For example, one of our ideas was the Chase Your Dream Machines. What we realized was that people didn't know what bank services they needed, but they did know what they wanted to accomplish. So, the Dream Machine allowed customers to input financial “what if” information and see future possibilities. For example, a customer could query the device about investing $100,000 in a CD vs. a money market with an average return of X% and get hypothetical return on investment scenario along with possible recommendations on appropriate Chase products. The Chase Your Dream Machine could also package full-service programs that allow the customer to conveniently take care of items like home or auto purchases in one simple step. For instance, it could package an auto loan with On-Star, Insurance, Pre-approval paperwork and an address with specific sales referral to the nearest appropriate dealership.
Some of our ideas were pretty simple, like the Chase Blue Pages. This would be an exclusive listing service will be created to help Chase small business customers network with one another. This could be delivered in-branch at the small business area in a kiosk as well as on-line. Or the Swipe & Go Transaction, which would allow customers to swipe their Now Card, enter information and print forms or instantly transfer information to the next available teller for processing.
Given our work back then with multitouch technologies, we also recommended Interactive Windows, that would be utilized as interactive media screens or Dream Machines using projected interactive technology.
Sadly, we didn't get a chance to execute any of our ideas, but 7 years later, Citibank has opened up a branch of the future. What I like about what they're doing is that they're turning the branch into a focal point for the community. Just yesterday, I was joking about how there was a Chase branch and a Starbuck's on almost every corner in NYC and I didn't know why they just didn't combine them. Seems that Citi is realizing that they should offer their customers more then just basic banking functions at their branches.
Banks are in a very difficult position, especially at a retail level. They basically offer the same services that every other bank offers for pretty much the same price as everyone else. And most customers think that that the average bank puts itself ahead of its customers, so they don't even have a positive emotional attachment with their customers.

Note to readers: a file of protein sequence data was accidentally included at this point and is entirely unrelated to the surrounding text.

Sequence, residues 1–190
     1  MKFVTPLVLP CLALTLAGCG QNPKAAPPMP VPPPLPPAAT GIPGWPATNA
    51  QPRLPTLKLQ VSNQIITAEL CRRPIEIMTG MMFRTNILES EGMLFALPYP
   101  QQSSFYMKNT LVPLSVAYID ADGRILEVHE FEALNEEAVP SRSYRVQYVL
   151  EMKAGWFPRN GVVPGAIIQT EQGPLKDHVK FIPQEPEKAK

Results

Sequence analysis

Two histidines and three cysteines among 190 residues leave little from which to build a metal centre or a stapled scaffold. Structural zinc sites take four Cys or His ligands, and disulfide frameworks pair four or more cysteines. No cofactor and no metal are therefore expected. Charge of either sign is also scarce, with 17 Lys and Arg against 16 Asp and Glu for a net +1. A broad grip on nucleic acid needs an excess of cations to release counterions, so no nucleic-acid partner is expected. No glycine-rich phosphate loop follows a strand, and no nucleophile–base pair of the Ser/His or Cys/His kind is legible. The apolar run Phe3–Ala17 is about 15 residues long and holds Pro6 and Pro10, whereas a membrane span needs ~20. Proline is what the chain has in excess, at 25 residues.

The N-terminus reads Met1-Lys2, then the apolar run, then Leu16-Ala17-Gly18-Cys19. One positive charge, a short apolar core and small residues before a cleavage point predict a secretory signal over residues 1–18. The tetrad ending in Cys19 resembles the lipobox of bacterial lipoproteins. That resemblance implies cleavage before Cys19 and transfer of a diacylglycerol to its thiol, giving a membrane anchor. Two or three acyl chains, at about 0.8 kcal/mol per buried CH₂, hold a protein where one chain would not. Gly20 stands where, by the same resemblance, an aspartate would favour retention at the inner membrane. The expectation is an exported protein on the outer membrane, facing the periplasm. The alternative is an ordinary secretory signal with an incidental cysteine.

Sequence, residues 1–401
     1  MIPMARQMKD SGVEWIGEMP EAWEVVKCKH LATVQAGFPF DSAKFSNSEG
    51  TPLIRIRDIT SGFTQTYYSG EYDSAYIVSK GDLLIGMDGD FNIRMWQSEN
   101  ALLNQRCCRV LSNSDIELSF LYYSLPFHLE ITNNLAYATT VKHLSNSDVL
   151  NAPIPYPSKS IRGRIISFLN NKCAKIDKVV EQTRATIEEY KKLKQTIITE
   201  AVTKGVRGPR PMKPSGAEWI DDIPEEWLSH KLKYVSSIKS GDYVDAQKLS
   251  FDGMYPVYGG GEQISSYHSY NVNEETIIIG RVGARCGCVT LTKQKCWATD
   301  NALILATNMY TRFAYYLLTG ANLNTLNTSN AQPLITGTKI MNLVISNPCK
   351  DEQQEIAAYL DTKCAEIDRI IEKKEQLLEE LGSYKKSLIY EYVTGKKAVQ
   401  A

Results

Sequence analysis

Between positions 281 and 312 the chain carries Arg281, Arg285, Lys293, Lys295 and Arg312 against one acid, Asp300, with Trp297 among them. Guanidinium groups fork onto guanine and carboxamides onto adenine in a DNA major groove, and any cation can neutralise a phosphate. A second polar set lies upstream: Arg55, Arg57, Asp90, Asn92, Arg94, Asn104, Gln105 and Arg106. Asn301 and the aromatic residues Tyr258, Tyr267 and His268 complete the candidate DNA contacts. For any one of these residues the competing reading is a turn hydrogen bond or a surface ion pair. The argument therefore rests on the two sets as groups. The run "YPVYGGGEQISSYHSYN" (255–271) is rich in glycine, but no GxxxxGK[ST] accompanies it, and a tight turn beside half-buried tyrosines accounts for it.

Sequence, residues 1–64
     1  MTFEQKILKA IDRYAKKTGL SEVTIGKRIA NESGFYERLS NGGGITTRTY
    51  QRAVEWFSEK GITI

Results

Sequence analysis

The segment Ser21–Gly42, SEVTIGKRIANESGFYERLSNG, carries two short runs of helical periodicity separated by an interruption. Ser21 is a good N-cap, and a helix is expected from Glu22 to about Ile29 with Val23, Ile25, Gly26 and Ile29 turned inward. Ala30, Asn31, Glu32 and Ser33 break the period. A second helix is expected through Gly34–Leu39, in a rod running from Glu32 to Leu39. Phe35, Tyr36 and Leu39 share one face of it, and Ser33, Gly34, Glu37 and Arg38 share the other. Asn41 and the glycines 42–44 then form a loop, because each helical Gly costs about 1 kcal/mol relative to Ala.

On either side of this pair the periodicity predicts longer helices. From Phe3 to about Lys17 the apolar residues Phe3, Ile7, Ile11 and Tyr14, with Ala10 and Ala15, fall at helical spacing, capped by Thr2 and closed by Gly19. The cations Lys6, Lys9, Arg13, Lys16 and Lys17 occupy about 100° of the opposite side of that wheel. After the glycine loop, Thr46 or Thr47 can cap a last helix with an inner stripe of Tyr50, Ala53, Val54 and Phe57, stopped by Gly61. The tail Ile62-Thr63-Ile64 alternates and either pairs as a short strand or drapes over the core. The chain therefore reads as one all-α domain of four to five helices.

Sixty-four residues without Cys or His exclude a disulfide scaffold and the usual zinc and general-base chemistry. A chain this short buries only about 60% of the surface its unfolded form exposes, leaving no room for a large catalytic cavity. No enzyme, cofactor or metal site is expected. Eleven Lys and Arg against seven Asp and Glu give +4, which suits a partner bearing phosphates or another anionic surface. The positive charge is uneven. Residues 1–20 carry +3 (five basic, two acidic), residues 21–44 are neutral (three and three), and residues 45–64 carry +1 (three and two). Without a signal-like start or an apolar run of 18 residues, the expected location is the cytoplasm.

But I think Citi's heading in the right direction by creating a different branch experience. I'll be in the city next week and I'll make sure to checkout this new branch.
If you're interested, click on the Chase Book link to see our full presentation that we made in 2003. And if you're with a bank and like the presentation, give me a shout to see how I can help you with an experience audit.
The flagship branch that Citibank opened in New York’s Union Square today is a bit different from banks in its other locations.
Instead of picking up a paper brochure, patrons can use one of the six interactive sales walls with touchscreen capabilities to learn more about bank services. Instead of using deposit envelopes, they can use enhanced-image ATMs to deposit checks without them. And instead of waiting for business hours to speak with a customer service representative, customers can use a 24/7 video chat station in the ATM lobby.
The digital components of the 9,700-square-foot branch are based on technologies pioneered by Citibanks in Hong Kong and Singapore.
Some features of the new bank seem more suited for a cafe or a airport lounge than a bank. Customers can access free Wi-Fi (in a private seating lounge if they are Citigold customers), and “media walls” display news, weather, and information about Citibank. Atmosphere Proximity, Citi’s digital agency, also designed a chip with the bank’s social media team that accesses a special Foursquare feed. Whenever a certain amount of people check in to the branch, an “internal marketing screen” shows which users are inside the branch at that very moment.
“We want this branch to be more than just a bank,” Brad Dinsmore, Citigroup’s head of retail banking in North America, said in a speech at the opening ceremony. “We want this branch to be a place where customers view it as a hub, a center of the community, if you will. A place where they feel warm and welcome, that they can come in and experience our free Wi-Fi access.”